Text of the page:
An autonomous car (driverless or self-driving) has been defined as a vehicle that is capable of sensing its environment and navigating without human input having the means of self-governance. However as the technology develops they are also defined by various levels of capability to operate without the active involvement of a driver.

Whilst self-driving cars (which still have a driver in the seat) are well under way in terms of development, it will take more time before we are all using fully automated cars.

Experts from the Institute of Electrical and Electronics Engineers (IEEE) have estimated that by 2040 up to 75% of all cars will be fully autonomous. The IEEE has also said that of six possible problems with the mass adoption of driverless vehicles, the three biggest obstacles are legal liability, policymakers and consumer acceptance followed only then by cost, infrastructure and technology problems.  

Are we going to be ready for the disruptive implications of operating both self driving cars and then fully autonomous cars and what needs to be done to control and regulate its operation?

Various states in the USA have already developed basic laws to recognize autonomous cars which range from allowing a self-driving car on public roads (provided a human driver is behind the wheel and able to take control) to allowing testing on certain roads. In Europe and the United Kingdom laws are in place to allow for testing.

However the real issues lie in how to regulate the day to day commercial use when that arrives and some major issues will be:

1. Liability

Allocation of liability when a self-driving vehicle is involved in an accident that causes personal injury or property damage will be a major issue. Take the scenario of who is liable when a car reverts suddenly to driver control (human or computer error generated) and an collision occurs? Who is liable the driver or the manufacturer? As new issues of possible causation like this arise the law will need to be developed to accommodate the appropriate duty of care principles.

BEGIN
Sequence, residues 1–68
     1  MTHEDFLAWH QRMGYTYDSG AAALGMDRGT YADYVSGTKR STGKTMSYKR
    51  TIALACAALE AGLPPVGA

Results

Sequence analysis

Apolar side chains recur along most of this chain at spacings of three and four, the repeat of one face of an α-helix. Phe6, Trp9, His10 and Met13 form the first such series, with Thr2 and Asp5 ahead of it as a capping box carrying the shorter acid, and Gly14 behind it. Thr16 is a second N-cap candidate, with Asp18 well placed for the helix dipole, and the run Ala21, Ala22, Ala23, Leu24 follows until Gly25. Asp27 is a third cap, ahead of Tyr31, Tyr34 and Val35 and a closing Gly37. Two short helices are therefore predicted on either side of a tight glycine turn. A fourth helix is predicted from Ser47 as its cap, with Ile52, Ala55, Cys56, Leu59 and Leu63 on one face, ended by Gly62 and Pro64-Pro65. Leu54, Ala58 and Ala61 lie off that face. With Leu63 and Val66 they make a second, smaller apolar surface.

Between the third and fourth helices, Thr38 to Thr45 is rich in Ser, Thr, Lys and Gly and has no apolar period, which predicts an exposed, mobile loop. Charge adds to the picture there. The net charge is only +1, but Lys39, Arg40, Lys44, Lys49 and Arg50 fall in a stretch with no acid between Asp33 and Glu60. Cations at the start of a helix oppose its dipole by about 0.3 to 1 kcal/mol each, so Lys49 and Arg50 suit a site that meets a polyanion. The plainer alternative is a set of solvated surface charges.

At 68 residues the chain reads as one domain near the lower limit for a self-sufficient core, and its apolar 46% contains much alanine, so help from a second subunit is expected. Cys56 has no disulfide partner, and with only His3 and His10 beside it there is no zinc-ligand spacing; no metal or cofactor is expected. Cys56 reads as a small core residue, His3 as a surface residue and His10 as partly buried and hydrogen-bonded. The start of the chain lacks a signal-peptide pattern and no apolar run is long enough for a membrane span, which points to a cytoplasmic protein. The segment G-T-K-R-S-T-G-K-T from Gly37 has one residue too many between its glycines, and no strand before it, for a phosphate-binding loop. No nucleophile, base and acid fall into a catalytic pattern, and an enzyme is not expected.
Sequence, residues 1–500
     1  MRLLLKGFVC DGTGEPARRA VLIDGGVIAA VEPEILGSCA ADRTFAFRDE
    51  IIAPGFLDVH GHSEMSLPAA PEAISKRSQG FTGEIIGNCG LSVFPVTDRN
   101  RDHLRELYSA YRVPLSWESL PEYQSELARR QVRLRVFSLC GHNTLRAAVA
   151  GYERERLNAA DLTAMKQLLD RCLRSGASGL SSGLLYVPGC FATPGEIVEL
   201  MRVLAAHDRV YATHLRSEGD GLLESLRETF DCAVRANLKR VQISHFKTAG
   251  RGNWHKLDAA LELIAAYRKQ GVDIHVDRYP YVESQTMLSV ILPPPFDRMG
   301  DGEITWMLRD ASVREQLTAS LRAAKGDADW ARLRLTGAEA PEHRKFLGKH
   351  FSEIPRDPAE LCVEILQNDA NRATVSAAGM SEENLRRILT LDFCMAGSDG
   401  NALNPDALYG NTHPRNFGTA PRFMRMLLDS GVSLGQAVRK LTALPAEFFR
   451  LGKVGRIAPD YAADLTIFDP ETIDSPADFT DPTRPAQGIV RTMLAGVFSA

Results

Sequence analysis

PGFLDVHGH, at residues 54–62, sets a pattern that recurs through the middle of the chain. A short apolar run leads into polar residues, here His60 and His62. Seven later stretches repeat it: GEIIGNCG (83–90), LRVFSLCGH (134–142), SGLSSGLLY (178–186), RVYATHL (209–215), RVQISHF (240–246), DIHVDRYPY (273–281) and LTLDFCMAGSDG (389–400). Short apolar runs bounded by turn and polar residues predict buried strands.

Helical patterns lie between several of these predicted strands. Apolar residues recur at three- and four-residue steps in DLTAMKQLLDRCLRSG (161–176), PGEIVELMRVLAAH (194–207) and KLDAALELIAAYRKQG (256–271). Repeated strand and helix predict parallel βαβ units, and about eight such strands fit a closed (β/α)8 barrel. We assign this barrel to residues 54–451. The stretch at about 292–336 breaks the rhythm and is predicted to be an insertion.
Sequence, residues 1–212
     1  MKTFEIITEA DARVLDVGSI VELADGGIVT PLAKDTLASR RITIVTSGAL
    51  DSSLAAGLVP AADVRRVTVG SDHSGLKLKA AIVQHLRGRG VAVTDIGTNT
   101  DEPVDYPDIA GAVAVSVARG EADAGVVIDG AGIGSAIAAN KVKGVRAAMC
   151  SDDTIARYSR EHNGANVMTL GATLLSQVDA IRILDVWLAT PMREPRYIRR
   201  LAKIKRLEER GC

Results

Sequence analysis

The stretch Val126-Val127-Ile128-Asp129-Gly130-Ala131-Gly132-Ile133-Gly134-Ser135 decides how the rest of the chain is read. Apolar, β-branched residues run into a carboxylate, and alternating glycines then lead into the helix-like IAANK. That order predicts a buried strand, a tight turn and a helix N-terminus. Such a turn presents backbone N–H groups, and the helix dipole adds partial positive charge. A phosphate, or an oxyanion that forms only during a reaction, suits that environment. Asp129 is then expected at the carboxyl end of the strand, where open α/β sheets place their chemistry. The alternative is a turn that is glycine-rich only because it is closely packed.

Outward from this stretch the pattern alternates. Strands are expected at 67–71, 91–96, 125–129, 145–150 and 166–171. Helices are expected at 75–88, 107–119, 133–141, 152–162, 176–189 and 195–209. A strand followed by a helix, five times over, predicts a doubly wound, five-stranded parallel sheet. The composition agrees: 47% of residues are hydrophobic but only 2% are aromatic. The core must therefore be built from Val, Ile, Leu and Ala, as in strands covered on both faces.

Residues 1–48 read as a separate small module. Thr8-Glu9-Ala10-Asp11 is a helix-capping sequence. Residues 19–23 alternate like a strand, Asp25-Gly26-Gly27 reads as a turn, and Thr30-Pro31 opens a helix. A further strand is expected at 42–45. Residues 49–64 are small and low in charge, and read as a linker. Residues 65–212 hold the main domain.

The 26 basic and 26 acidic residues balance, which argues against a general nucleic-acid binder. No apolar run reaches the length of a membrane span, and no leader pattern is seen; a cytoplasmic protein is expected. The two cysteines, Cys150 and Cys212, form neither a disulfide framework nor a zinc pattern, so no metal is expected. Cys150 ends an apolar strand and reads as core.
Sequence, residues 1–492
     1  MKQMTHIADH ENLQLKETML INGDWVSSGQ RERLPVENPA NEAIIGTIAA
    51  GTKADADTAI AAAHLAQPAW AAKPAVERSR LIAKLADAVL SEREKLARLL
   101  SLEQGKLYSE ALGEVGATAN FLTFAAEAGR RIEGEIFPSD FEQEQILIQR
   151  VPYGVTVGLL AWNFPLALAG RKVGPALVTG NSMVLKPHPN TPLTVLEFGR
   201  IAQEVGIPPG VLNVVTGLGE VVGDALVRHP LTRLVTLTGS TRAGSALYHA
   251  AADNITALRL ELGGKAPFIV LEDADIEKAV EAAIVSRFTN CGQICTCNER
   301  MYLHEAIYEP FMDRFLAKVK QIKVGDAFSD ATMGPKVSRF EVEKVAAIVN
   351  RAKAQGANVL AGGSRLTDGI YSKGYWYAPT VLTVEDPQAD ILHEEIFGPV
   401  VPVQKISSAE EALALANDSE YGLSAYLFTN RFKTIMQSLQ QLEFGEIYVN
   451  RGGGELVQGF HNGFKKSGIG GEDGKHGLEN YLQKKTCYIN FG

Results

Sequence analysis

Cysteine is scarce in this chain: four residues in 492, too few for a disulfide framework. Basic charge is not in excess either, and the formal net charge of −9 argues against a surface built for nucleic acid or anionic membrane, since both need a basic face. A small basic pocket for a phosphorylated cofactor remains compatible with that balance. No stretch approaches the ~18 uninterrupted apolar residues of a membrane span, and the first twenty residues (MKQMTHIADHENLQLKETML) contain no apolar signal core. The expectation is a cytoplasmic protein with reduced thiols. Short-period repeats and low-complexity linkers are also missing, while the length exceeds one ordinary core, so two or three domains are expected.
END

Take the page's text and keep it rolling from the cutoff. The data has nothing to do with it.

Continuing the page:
It will also require the development of appropriate manufacturing standards to meet issues like this interface between driver and computer system control. Should the manufactures be allowed to self regulate in areas like this or not. When dealing with human safety issues it is not something that can really be left to commercial interests alone. Then when full automation is in play will liability then just be the sole responsibility of the manufacturer? The potential implications for the insurance industry throughout this whole progression are very far reaching and it will turn the concept of traditional motor vehicle insurance on its head.

2. Regulation  of operation

With the new operational skills the traditional approach to licensing, driver training, and operation of the vehicles will need to change with the development of a whole new system for teaching and regulating.

The challenge for modern society is too ensure that it moves as fast with the policy and regulation development as with the technology.